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Office of Occupational Medicine
Room N3457, 200 Constitution Ave., N.W.
The goal of the Office of Occupational Medicine (OOM) is to provide medical, toxicological, and epidemiologic expertise to enable OSHA to ensure that every working man and woman in the U.S. has a safe and healthful workplace. To this end, OOM provides assistance to OSHA compliance and enforcement activities, policy and standards development, and agency outreach programs. In addition, OOM provides occupational health information to employers, workers, unions, health professionals, and members of the general public.
OOM is staffed by a variety of healthcare professionals including five physicians. All current OOM physicians are board-certified in Occupational and Environmental Medicine and all have residency training or board certification in additional specialties, including Family Practice, and Clinical Pharmacology. They serve in leadership positions in professional organizations and represent OSHA in a variety of interagency settings. OOM personnel provide medical expertise to the Agency and administer several of the Agency’s internal programs (OSHA’s Medical Examination Program and Access to Employee Medical Records Program).
The Office of Occupational Medicine Personnel:
Michael Hodgson, MD, Director, Medical Officer
Enforcement Support: The most important function of the Office of Occupational Medicine is to assist in OSHA workplace investigations. OOM physicians provide case evaluation, medical record review, conduct employee interviews and medical screening activities in support of work site inspection activities. OOM physicians provide expert opinions regarding whether injuries illnesses and fatalities are related to work. They also determine whether employers are in compliance with medical surveillance and recordkeeping requirements of OSHA standards and regulations. OOM may assist OSHA area offices and the Department of Labor Solicitors (attorneys) in decisions regarding settlement agreements and other legal proceedings. Additionally, OOM staff members contribute to the creation of OSHA national emphasis programs that focus inspection activities to target hazardous industries and exposures.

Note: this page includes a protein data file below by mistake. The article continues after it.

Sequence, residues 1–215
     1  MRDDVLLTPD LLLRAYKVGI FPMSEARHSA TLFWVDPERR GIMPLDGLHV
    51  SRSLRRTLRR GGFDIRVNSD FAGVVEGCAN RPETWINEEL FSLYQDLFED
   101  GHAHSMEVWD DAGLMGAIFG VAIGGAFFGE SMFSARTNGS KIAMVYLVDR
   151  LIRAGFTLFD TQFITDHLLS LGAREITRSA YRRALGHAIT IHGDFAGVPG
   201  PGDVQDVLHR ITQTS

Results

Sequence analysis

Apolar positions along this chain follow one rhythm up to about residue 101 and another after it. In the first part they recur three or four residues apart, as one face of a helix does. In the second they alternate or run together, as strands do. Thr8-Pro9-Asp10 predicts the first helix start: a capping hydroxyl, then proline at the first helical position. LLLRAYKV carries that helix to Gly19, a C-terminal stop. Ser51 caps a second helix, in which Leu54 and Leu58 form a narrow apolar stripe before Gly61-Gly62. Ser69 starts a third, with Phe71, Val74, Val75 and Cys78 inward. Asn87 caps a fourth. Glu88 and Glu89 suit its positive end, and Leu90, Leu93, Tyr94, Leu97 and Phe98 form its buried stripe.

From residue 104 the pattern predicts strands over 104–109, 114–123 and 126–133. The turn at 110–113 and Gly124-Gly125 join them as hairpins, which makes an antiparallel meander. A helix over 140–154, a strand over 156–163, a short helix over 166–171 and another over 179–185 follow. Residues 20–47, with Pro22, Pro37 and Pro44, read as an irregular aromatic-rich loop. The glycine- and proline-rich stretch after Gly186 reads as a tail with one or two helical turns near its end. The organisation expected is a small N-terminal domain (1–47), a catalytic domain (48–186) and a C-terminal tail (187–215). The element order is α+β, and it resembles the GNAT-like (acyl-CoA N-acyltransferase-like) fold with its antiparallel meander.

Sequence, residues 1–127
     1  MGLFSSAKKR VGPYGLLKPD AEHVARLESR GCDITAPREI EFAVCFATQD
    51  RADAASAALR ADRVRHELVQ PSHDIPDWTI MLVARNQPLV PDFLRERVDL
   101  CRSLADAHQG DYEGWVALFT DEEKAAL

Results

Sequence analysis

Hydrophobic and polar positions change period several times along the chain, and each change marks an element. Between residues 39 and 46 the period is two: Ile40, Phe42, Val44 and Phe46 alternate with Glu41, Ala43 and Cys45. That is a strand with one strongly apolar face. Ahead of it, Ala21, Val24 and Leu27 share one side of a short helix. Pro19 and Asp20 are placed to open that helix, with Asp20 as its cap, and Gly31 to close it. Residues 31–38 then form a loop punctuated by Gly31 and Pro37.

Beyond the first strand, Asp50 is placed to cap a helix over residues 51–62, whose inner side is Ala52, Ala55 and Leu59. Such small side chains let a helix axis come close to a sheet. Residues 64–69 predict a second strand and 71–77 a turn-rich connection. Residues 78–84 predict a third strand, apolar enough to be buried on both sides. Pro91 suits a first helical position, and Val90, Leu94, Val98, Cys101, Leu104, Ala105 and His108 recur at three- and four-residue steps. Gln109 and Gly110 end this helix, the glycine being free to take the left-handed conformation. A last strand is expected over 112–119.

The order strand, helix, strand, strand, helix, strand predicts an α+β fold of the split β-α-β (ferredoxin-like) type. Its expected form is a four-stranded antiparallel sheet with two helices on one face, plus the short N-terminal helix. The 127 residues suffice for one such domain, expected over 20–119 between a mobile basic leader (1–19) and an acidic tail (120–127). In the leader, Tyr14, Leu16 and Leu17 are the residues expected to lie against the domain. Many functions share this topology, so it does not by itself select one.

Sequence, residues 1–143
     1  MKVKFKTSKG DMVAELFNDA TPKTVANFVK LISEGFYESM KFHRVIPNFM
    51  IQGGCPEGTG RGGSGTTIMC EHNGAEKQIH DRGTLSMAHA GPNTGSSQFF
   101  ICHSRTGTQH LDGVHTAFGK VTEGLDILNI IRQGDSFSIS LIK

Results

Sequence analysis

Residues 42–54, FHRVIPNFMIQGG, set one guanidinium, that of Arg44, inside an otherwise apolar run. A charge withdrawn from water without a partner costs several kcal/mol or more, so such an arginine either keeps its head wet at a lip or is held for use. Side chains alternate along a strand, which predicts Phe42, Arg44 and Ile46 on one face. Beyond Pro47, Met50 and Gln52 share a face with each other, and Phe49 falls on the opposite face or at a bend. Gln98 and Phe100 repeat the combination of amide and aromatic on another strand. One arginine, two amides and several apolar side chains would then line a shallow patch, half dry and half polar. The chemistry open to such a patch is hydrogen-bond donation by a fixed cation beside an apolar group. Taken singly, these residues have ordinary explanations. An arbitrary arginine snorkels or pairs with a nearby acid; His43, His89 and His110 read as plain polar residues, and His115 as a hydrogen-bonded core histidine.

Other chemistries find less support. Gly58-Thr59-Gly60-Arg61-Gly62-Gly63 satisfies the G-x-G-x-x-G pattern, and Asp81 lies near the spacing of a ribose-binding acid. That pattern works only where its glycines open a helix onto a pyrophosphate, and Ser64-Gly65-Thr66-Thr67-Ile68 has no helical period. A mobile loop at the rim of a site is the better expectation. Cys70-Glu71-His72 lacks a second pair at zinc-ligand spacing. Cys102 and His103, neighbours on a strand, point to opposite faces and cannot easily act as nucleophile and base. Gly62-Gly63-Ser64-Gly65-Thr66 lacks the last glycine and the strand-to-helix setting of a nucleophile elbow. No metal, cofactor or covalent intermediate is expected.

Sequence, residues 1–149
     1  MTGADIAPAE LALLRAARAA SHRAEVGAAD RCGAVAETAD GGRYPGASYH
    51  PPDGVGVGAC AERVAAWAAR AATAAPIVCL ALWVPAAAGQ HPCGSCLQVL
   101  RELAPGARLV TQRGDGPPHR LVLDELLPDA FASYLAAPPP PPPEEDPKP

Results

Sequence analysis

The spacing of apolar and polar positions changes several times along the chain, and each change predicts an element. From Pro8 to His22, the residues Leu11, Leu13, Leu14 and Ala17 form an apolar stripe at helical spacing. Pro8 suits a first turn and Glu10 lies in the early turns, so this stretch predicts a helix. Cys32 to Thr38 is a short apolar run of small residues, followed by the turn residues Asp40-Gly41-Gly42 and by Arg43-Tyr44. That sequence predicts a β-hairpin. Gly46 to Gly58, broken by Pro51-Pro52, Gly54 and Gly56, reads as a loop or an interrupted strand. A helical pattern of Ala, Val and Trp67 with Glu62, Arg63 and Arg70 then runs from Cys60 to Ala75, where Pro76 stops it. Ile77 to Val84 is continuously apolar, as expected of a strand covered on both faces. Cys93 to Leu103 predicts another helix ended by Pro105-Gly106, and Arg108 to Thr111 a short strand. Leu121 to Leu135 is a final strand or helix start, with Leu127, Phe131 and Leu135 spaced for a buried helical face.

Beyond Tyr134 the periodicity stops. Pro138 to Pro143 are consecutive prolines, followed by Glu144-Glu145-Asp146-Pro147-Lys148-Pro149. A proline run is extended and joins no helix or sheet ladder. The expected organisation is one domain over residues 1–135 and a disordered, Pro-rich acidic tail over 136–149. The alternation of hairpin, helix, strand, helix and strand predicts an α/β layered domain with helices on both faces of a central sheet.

OSHA Standard Setting: OOM physicians contribute to the development of Agency standards by providing expertise on health effects of occupational exposures and recommendations for appropriate medical surveillance. Standards currently on the regulatory agenda include silica, beryllium, infectious diseases, and illness and injury prevention programs.
Disaster Response/Federal Disaster Response: OOM physicians provide expertise in occupational and environmental medicine to support OSHA as it fulfills its role in the National Response Framework. As part of the Agency’s federal disaster response, OOM coordinated the development and distribution of Psychological First Aid and Resilience Resources targeted to support federal and federalized disaster response workers in hurricane-affected areas.
Influenza Pandemic Preparedness and Response: OOM physicians provide medical expertise to OSHA, the Department of Labor, and the federal interagency community regarding pandemic influenza issues. OOM developed guidance on workplace safety and health strategies and equipment that protect healthcare workers in the event of an influenza pandemic: Pandemic Influenza Preparedness and Response Guidance for Healthcare Workers and Healthcare Employers.
Compliance Assistance and Guidance: OOM participates in the development of OSHA compliance assistance information that helps employers comply with OSHA legal requirements. OM also creates guidance materials that provide information on best practices in workplace safety and health. These informational materials include safety and health information bulletins, fact sheets, quick cards, web-based information and web-pages on OSHA’s website. Specific documents developed by OOM include the following: